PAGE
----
7 Things for College Students to Remember When Wearing Contact Lenses

Group of happy college students huddled together

Ah, the college years! The time to learn, make friends, work hard, and party harder. It may also be the first time you are on your own. If you’re a college student wearing contact lenses, you may have some questions about how to care for your contacts while enjoying college life.

That’s why we created this list of reminders specifically geared for you, the college student! Here are seven critical contact lens care tips just for you.

1. Don’t Try to Save Money by Reusing Daily Contacts

money falling out of a clear jar

College is expensive. We get it. In addition to tuition and books, you are now responsible for clothes, food, take-out pizza, and quarters for the laundromat. Therefore, you are probably looking for ways to save money.

Daily-wear contacts are very comfortable, but they can be a bit pricey. For that reason you might wonder if you can get away with wearing them for a couple of extra days instead of the recommended wear time. Although we applaud you for trying to stick to a budget, this isn’t the way to do it.

Daily contacts have that name for a reason. They are meant for wearing for one day only. They’re not meant to wear multiple times because of the materials used to make them. Plus, they don’t allow oxygen to your eyes as easily as other contact lenses. So, if you wear them for more than a day, you may have uncomfortable, irritated eyes.

Your eyes can even send cells in to fight off the foreign invader that refuses to leave. This process can damage your cornea and leave scarring, which can lead to vision loss.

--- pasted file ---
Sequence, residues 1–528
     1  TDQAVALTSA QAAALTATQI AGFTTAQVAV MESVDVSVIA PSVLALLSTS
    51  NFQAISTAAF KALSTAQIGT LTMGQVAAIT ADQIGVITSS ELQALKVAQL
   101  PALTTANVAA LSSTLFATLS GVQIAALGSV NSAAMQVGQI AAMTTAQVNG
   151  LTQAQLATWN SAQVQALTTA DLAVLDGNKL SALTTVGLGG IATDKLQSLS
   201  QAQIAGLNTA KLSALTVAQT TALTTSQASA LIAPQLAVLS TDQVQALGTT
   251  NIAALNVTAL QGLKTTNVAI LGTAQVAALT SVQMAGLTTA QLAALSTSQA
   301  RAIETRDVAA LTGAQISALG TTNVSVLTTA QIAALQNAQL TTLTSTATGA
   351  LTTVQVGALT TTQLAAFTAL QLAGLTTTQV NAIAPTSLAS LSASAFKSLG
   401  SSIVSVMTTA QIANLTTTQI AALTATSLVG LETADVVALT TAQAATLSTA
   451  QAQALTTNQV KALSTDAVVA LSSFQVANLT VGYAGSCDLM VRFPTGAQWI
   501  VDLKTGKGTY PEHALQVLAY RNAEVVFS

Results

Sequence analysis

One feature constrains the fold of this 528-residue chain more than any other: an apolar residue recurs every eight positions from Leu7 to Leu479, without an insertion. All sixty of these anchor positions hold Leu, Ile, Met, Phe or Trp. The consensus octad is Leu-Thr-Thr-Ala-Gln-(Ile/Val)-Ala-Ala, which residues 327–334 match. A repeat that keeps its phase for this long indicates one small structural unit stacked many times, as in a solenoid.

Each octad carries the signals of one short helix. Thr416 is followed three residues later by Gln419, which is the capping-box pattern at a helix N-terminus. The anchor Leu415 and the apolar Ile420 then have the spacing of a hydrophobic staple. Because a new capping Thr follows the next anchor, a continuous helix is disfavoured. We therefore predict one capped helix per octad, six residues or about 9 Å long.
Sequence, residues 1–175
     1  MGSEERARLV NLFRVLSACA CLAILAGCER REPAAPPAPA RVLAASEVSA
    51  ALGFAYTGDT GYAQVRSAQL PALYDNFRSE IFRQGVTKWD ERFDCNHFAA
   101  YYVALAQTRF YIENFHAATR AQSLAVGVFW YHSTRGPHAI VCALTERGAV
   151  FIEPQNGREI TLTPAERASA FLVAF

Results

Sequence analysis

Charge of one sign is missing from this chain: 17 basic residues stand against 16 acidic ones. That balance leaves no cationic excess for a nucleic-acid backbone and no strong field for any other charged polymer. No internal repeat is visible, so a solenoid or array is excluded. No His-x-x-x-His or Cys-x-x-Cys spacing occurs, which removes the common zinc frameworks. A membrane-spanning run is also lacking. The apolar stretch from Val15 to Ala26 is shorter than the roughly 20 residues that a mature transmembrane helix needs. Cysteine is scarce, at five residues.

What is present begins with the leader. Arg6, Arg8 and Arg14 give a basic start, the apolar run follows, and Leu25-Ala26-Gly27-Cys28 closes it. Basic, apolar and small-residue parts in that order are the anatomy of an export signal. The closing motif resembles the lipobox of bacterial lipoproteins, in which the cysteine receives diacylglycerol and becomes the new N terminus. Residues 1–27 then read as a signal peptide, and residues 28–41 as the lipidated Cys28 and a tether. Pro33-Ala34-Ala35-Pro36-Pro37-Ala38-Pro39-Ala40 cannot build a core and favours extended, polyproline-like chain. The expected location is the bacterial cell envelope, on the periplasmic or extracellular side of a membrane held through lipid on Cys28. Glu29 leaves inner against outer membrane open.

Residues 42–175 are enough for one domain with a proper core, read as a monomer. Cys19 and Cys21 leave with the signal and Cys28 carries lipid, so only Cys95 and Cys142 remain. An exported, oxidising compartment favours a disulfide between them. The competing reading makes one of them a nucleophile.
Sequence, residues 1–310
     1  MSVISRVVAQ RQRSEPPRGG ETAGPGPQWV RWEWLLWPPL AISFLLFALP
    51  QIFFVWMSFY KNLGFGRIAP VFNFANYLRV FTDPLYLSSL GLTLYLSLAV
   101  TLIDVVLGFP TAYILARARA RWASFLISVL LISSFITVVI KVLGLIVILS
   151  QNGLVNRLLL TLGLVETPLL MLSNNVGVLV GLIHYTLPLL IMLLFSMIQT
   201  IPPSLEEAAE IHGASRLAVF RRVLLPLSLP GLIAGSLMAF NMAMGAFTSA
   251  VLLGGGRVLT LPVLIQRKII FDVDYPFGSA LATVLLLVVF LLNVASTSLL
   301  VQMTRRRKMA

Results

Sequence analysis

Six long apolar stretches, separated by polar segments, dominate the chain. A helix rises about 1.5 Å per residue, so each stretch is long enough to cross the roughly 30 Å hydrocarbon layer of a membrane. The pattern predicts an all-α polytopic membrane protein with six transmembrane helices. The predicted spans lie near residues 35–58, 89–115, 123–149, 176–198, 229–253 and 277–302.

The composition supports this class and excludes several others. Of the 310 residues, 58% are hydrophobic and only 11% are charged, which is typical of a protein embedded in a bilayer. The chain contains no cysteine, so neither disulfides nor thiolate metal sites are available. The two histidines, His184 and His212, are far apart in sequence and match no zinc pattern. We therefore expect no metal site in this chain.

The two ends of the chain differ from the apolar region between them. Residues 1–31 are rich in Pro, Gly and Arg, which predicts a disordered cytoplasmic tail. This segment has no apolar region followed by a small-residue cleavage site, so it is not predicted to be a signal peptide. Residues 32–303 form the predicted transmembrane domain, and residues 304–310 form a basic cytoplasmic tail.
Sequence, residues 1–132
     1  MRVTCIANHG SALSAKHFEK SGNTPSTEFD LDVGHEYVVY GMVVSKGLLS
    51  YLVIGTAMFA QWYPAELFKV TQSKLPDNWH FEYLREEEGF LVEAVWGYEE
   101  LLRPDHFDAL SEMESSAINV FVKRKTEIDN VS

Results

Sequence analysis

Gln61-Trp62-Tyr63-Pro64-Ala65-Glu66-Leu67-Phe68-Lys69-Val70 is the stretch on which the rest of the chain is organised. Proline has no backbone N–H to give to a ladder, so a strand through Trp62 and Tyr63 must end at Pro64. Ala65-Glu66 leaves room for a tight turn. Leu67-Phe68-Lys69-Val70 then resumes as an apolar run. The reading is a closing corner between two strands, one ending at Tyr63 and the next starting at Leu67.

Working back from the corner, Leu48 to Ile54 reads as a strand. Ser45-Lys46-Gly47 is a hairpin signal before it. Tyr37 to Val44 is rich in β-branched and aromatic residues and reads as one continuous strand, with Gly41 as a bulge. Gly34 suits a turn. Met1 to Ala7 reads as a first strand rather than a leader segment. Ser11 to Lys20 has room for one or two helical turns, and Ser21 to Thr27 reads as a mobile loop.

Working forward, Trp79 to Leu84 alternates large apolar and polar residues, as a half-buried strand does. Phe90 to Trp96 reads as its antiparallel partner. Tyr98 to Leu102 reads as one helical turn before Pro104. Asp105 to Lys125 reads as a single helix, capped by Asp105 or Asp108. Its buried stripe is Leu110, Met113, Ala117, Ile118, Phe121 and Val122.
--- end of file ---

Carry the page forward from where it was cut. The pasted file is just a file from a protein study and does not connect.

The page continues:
None of that is worth the few dollars you’ll save by wearing your contacts more than once. Consider curbing your fancy coffee habit instead!

2. Don’t Sleep in Your Contacts

smiling college students dancing at a party

Here are some things you can do to remember to take out your contacts after you’ve partied a bit too hard:

Sometimes, party-goers don’t find their way home after a party. That’s why you should also carry a contact lens case, a small bottle of multipurpose solution, and new lenses for those wearing dailies.

Why is all of this so important? Sleeping in your contacts is really bad for your eyes. The CDC found that most corneal infections occur when people sleep in their contacts. Since contacts limit the oxygen that gets to your eyes and closing your eyelids limits even more oxygen, you’re really asking for trouble.

Not everyone will go blind from sleeping in their contacts. But those that sleep in their contacts are far more likely to get inflammation, an infection, or even a corneal ulcer.

If you go out most nights and find that removing your contacts is just too difficult, there is a simple solution. You may want to talk to your eye doctor about extended wear contacts options. You can wear these continuously for a certain period of time, even while you sleep!

3. Don’t Mix Your Contacts With Water

three happy girls on the beach

Spring break on the beach is the perfect way to relax after a taxing time in class. However, before you head into the water, remember to take out your contacts!

The water you swim in is not sterile. Pool water and lake water is not safe either. Since your contacts soak up water so easily, they’ll also soak up the bacteria and chemicals that could cause infection.

A particularly bad infection is Acanthamoeba keratitis. When an amoeba lives off your cornea, it can end up being a painful experience, not to mention permanent blindness if not treated quickly.